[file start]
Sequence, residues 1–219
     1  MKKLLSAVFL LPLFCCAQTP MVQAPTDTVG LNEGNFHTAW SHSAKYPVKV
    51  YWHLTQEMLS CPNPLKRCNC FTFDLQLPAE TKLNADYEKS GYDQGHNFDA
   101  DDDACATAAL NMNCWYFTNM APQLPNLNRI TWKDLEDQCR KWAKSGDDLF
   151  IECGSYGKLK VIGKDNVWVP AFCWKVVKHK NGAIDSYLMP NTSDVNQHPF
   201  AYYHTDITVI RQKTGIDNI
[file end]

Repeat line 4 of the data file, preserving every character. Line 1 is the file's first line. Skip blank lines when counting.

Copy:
   101  DDDACATAAL NMNCWYFTNM APQLPNLNRI TWKDLEDQCR KWAKSGDDLF